Choi, Woosuk; Choe, Shawn; Miao, Jinfeng; Xu, Ying; Powell, Rebecca; Lin, Jingjun; Kuang, Zhizhou; Gaskins, H Rex; Lau, Gee W.

    2015-01-01

    Cystic fibrosis (CF) patients battle life-long pulmonary infections with the respiratory pathogen Pseudomonas aeruginosa (PA). An overabundance of mucus in CF airways provides a favorable niche for PA growth. When compared to that of non-CF individuals, mucus of CF airways is enriched in sialyl-Lewisx, a preferred binding receptor for PA. Notably, the levels of sialyl-Lewisx directly correlate with infection severity in CF patients. However, the mechanism by which PA causes increased sialylation remains uncharacterized. In this study, we examined the ability of PA virulence factors to modulate sialyl-Lewisx modification in airway mucins. We found pyocyanin (PCN) to be a potent inducer of sialyl-Lewisx in both mouse airways and in primary and immortalized CF and non-CF human airway epithelial cells. PCN increased the expression of C2/4GnT and ST3Gal-IV, two of the glycosyltransferases responsible for the stepwise biosynthesis of sialyl-Lewisx, through a TNF-α-mediated phosphoinositol-specific phospholipase C (PI-PLC) dependent pathway. Furthermore, PA bound more efficiently to airway epithelial cells pre-exposed to PCN through a flagellar cap-dependent manner. Importantly, antibodies against sialyl-Lewisx and anti-TNF-α attenuated PA binding. These results indicate that PCN secretes PCN to induce a favorable environment for chronic colonization of CF lungs by increasing the glycosylation of airway mucins with sialyl-Lewisx. PMID:26555707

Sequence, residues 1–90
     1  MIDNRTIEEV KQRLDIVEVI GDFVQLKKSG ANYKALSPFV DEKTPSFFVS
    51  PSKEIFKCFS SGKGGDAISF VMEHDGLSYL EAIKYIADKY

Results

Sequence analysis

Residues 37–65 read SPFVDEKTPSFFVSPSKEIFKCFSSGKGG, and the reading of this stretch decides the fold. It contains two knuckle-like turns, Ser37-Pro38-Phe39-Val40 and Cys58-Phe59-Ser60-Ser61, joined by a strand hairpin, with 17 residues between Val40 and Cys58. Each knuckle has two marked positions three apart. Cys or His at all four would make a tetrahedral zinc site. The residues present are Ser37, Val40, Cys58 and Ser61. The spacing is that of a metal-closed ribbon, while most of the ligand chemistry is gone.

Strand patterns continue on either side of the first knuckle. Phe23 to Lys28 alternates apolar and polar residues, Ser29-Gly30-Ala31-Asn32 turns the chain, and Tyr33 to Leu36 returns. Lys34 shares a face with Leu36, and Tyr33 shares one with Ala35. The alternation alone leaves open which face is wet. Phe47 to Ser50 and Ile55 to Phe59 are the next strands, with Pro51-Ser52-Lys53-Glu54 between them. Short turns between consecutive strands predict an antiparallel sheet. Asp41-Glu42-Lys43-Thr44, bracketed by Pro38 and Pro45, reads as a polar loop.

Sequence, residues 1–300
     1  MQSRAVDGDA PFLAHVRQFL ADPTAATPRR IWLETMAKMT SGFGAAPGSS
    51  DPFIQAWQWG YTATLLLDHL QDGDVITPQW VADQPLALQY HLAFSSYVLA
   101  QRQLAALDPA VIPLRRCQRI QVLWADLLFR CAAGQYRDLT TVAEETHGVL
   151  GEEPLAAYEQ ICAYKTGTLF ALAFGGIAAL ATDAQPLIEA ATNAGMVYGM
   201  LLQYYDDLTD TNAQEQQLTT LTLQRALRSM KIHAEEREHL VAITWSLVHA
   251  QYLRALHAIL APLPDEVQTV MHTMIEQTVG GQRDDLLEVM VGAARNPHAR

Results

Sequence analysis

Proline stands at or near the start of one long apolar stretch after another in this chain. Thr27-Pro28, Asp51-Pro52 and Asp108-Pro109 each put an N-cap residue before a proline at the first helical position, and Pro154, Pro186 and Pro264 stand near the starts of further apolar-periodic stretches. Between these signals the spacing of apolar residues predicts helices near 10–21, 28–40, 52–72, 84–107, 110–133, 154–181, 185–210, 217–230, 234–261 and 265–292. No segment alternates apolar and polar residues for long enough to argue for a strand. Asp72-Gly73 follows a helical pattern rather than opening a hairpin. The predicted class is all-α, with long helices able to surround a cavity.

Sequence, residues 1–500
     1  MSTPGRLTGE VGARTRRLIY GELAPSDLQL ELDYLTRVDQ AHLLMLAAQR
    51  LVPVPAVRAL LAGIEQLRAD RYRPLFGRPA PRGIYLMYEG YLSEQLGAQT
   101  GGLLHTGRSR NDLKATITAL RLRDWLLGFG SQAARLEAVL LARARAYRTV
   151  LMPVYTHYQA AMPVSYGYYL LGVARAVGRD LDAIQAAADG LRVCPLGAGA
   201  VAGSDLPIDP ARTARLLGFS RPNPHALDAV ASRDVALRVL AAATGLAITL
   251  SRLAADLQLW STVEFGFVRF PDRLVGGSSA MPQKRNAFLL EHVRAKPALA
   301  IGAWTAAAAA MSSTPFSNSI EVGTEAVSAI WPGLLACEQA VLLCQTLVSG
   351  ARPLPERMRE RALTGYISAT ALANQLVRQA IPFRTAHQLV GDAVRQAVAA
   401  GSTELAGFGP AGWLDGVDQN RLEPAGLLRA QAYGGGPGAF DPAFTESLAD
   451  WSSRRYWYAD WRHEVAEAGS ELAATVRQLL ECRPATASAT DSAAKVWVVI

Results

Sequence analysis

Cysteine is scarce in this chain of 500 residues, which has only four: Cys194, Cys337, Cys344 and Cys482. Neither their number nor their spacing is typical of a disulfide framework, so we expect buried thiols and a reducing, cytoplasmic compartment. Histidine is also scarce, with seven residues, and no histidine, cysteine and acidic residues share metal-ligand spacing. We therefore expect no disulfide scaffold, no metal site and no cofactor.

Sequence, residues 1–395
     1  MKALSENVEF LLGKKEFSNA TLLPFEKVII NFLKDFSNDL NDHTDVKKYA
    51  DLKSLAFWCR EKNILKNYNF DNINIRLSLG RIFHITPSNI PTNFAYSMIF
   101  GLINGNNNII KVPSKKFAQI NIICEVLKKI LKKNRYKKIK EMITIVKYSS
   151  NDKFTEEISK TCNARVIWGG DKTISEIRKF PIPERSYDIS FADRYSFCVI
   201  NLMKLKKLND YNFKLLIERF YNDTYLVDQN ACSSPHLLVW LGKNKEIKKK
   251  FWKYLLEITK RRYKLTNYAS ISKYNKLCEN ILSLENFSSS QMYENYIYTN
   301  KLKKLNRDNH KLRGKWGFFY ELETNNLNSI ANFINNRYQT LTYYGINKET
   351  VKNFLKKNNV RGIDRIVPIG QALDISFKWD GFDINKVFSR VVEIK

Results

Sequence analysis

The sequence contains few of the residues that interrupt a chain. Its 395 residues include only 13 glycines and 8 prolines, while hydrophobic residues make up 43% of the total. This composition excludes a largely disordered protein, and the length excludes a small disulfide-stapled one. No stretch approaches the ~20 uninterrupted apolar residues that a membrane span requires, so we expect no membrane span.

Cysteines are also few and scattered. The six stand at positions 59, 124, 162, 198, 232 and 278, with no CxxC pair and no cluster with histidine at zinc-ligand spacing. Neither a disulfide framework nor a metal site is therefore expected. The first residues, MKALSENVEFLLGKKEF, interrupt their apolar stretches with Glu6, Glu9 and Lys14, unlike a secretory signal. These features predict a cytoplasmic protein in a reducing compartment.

1. Roxithromycin inhibits VEGF-induced human airway smooth muscle cell proliferation: Opportunities for the treatment of asthma.

    PubMed

    Pei, Qing-Mei; Jiang, Ping; Yang, Min; Qian, Xue-Jiao; Liu, Jiang-Bo; Kim, Sung-Ho